FDA Warns of Heart and Stroke Dangers of Common Pain RelieversJul 17, 2015
The Food and Drug Administration (FDA) has warned that common painkillers like Motrin, Aleve, and Advil can increase the risk of a heart attack or stroke.
These popular painkillers-nonsteroidal anti-inflammatory drugs-are available in both prescription and over-the-counter formulas and are widely used to treat pain and fever from short- and long-term medical conditions such as arthritis, menstrual cramps, headaches, colds, and the flu.
They are often taken in larger doses than recommended and as a form of long-term medication. Dr. Denes Korpas, a cardiologist at the Nebraska Heart Institute and Heart Hospital, said, "A lot of my patients ask 'Which one is more harmless, which one is better for me . . . some studies . . . maybe suggest Aleve is better, but the recent studies do not make a difference between those and really they are on the same level. There's no such thing that this one maybe is better." Dr. Korpas said Tylenol is a good alternative to these common painkillers, Nebraska television station 1011 Now reports. Because both prescription and OTC medicines contain NSAIDs, the FDA says consumers should be careful to avoid taking multiple medications with the same active ingredient.
The FDA says patients taking any NSAID should be aware of symptoms that could signal a heart attack or stroke. Symptoms include chest pain, shortness of breath, trouble breathing, weakness in one part or side of their body, or slurred speech. Anyone experiencing such symptoms should seek immediate medical attention.
The DA has ordered stronger label warnings that non-aspirin nonsteroidal anti-inflammatory drugs (NSAIDs) increase the chance of a heart attack or stroke. The agency is requiring updates to the drug labels of all prescription NSAIDs. NSAIDs affected by the new warnings include brand name and generic drugs such as ibuprofen (Advil, Motrin), naproxen (Aleve), indomethacin (Indocin, Tivorbex), and prescription arthritis drugs such as Celebrex (celecoxib). The Drug Facts labels for over-the-counter (OTC) non-aspirin NSAIDs already contain information on heart attack and stroke risk, but the FDA will request updates to strengthen the OTC non-aspirin NSAID Drug Facts labels.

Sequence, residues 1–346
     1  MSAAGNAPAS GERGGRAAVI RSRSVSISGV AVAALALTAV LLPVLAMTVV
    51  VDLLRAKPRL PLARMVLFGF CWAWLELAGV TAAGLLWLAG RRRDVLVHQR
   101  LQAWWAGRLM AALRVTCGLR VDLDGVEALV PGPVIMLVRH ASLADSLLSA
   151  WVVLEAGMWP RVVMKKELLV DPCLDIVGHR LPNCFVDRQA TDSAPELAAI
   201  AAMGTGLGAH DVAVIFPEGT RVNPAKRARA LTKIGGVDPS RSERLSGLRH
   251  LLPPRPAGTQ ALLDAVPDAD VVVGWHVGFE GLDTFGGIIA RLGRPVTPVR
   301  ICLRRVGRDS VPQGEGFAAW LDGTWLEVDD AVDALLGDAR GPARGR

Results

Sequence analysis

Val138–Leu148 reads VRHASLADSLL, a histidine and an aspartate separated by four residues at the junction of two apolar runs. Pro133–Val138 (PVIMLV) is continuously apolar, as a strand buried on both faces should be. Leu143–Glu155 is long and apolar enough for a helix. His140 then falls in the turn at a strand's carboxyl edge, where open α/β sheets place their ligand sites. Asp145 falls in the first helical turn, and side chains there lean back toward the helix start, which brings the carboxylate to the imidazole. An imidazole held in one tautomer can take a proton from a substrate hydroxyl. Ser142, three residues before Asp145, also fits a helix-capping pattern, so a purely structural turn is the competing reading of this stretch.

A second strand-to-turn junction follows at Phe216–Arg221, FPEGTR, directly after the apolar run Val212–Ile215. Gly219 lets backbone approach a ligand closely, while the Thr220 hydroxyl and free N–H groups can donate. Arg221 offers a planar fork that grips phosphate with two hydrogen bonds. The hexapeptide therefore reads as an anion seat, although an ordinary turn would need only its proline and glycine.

The FDA statement says the risk of heart attack or stroke can occur as early as the first weeks of using an NSAID and the risk may increase with longer use. The risk appears greater at higher doses. The risk may not be the same for all NSAIDs, but the FDA said at this time it does not have enough information to determine whether the risk of a particular NSAID is higher or lower.
NSAIDs can increase the risk of heart attack or stroke in patients with or without heart disease or risk factors for heart disease, but in general, patients with heart disease or its risk factors have a greater likelihood of heart attack or stroke following NSAID use than patients without these risk factors because they have a higher risk at baseline. Because many prescription and OTC medicines contain NSAIDs, consumers should avoid taking multiple medications with the same active ingredient, the FDA said.